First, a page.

Candidate Obama Meets the Press

This article is from the archive of our partner .

President Obama gave his first press conference of the new year Tuesday, and Iran, the campaign, and Rush Limbaugh were high on everyone's minds. While the White House previewed the conference by heralding  a new plan to allow those with federally backed mortgages to refinance with better rates, and Obama spoke about the plan to open the conference, questions immediately transitioned to foreign policy.

His most notable criticims of the Republicans competing in Super Tuesday contests today came in response to a question on Romney's criticism of Obama's policy in Iran:

Now what's said on the campaign trail, those folks don't have a lot of responsibilities. They're not commander in chief. And when I see the casualness with which some of these folks talk about war, i'm reminded of the costs involved in war. I'm reminded of the decision that I have to make in terms of sending our young men and women into battle and the impact that has on their lives, the impact that has on our national security, the impact it has on our economy. This is not a game and there's nothing casual about it.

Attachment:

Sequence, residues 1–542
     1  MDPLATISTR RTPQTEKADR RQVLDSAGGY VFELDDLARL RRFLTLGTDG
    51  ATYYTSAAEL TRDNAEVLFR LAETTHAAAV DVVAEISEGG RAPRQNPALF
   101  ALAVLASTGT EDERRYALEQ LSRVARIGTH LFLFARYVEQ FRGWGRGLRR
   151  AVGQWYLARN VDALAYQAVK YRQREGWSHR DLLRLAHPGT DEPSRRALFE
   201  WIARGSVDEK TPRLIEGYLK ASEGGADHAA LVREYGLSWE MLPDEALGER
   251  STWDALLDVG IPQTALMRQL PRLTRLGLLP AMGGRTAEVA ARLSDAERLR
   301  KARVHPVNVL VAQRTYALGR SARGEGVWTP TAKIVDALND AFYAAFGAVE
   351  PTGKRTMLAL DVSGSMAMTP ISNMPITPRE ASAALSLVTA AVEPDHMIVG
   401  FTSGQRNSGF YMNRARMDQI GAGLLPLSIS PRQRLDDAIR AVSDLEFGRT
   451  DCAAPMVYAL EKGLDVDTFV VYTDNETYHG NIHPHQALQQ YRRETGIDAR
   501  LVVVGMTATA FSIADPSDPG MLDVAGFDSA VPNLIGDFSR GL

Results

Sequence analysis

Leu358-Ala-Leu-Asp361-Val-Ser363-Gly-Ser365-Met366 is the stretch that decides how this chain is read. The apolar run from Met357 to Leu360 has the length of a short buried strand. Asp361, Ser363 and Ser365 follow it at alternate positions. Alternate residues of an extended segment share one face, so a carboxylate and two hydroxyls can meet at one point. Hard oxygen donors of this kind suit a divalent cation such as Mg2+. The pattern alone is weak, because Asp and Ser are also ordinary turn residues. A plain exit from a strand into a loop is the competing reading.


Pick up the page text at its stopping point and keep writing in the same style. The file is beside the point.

On another front, though, he didn't take the election bait. A reporter pointed out that Mitt Romney said Obama is America's "most feckless president since Carter," and asked Obama what he'd say to Romney in response. "Good luck tonight," Obama replied before laughing awkwardly and moving on to the new question. Perhaps the fecklessness of that answer was ironic? 

Recommended Reading

He was also asked to comment on the Rush Limbaugh affair, and the camera shutters started clicking as soon as a reporter says the word "Rush." Obama declined to comment on Limbaugh's loss of sponsors, but said he had his own daughters in mind when he reached out to Sandra Fluke by phone last week. Quoth Obama:

I don't know what's in Rush Limbaugh's heart so I'm not going to comment on the sincerity of his apology. What I can comment on is the fact that all decent folks can agree that the remarks that were made don't have any place in the public discourse. And you know the reason I called Ms. Fluke is because I thought about Malia and Sasha and one of the things I want them to do as they get older is to engage in issues they care about even ones I may not agree with them on. I want them to be able to speak their mind in a civil and thoughtful way and I don't want them attacked or called horrible names because they are being good citizens.

Here's to hoping he gets his wish.


This article is from the archive of our partner The Wire.